As Zimbabweans prepare to go to the polls Saturday, pre-election activity is being closely watched by an estimated 3 million Zimbabweans living in neighboring South Africa. Although they cannot vote, these exiles have nevertheless formed dozens of civic groups to monitor the process and are being supported by South African activists. VOA's Scott Bobb reports from Johannesburg.
A leader of the Zimbabwe Solidarity Forum that supports Zimbabwean pro-democracy groups, Sipho Theys, told reporters in Johannesburg recently that Zimbabwe's upcoming elections will likely not be fair.
"The electoral playing field is unacceptably and undemocratically skewed to the advantage of the ruling partner," he said. "This includes issues around the biased electoral commission, the voters roll, the delimitation of [voter] constituencies, media coverage, voter education, vote buying and politicized food aid and so on."
He cites reports that security forces have prevented some opposition campaign rallies from being held. Coverage of ruling party candidates has dominated the state-controlled news media and, he says, state resources have been used for political purposes.
Zimbabwean election officials strongly deny the accusations and accuse their critics of being manipulated by foreign governments.
But the local representative of the National Constitutional Assembly that is pressing for a new constitution for Zimbabwe, Tapera Kapuya, says most exiles are not convinced.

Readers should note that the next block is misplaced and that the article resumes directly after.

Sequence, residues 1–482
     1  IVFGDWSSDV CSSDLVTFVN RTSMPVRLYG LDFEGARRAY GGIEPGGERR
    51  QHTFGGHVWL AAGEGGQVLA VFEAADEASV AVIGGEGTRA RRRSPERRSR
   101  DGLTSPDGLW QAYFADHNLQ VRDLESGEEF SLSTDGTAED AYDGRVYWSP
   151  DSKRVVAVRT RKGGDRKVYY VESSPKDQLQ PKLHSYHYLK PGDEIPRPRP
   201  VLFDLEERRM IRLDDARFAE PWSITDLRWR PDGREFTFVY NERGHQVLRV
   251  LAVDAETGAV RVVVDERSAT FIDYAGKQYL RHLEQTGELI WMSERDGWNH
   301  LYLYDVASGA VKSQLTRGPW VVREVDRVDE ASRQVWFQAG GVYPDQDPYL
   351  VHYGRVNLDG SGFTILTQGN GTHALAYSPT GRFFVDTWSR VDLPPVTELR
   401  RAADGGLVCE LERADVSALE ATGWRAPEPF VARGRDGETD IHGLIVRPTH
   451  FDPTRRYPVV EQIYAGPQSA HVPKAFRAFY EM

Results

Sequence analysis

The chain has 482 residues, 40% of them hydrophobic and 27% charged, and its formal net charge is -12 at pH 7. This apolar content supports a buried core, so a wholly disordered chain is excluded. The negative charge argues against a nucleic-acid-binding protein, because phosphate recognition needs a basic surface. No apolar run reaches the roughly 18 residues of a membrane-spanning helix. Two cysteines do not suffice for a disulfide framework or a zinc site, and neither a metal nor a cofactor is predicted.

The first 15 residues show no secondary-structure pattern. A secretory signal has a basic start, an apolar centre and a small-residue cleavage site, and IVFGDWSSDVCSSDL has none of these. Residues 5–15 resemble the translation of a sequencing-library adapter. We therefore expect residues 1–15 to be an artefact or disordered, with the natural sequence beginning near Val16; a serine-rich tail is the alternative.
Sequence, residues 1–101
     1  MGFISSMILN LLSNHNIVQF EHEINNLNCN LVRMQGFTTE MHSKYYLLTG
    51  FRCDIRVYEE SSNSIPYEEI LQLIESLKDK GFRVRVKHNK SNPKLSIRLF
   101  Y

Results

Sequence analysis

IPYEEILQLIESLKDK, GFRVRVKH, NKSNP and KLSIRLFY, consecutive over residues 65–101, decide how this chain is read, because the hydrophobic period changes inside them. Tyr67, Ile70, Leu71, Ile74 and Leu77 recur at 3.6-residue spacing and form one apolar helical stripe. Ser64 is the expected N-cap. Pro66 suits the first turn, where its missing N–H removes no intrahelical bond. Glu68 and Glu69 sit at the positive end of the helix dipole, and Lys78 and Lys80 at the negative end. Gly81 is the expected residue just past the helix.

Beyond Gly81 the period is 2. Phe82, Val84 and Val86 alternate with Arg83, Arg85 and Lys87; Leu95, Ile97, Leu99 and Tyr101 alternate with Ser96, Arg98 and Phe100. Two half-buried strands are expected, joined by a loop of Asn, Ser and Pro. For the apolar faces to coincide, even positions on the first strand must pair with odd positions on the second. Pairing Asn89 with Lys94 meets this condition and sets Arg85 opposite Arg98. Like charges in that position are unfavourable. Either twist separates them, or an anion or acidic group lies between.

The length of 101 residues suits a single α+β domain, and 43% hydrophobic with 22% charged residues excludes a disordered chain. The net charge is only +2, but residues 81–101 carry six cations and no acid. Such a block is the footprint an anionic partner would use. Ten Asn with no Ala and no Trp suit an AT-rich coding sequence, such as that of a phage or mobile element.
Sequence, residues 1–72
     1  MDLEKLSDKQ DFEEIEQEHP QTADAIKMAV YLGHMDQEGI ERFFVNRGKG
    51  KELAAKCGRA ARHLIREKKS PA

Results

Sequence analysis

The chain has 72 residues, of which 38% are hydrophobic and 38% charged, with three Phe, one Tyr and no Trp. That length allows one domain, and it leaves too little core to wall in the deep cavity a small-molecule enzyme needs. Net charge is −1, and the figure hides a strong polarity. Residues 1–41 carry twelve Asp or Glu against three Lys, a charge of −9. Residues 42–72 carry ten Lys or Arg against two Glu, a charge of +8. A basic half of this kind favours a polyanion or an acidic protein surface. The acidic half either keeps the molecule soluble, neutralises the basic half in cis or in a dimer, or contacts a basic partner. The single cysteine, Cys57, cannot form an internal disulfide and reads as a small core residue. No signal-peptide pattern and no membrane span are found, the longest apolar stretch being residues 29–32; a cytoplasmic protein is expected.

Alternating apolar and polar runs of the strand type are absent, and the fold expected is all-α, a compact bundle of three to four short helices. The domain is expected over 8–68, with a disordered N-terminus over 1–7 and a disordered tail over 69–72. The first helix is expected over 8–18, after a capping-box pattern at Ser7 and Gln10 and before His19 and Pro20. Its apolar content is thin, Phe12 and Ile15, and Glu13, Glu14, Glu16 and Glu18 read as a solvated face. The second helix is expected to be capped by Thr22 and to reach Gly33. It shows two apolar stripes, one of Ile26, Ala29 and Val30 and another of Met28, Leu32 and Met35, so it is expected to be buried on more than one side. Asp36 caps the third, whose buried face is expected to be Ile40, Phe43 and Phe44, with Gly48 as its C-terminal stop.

"We are very skeptical whether these elections will represent any great change," he said. "The structure for an unfair election does exist, and it is something which needs to be dismantled."
Human rights groups say there has been less violence in Zimbabwe than in previous elections and opposition candidates have been able to campaign in previously forbidden areas. But they say the state apparatus has been used to influence voters.
Kapuya says the government has registered six million voters in a country whose total resident population is said to be less than 10 million people, including children.
"We deeply feel that the inflated figures of those who are said to have been registered create leverage for the incumbent to rig the election," he added.
He says the fact that the government has printed 9 million ballots for 6 million registered voters and hundreds of thousands of mail-in ballots for a few thousand eligible expatriates is also worrisome.
And he notes that most Zimbabweans living outside the country are excluded from voting, disenfranchising up to 2 million potential voters.
Theys, of the Zimbabwe Solidarity Forum, says nevertheless Zimbabweans should still vote on Saturday.
"While the election offers us only a little hope that change will come, in a country with a deficit of hope, at least this is something," he added.
And all appeal to Zimbabwe's security forces to responsibly discharge their duties and refrain from seeking to influence voters.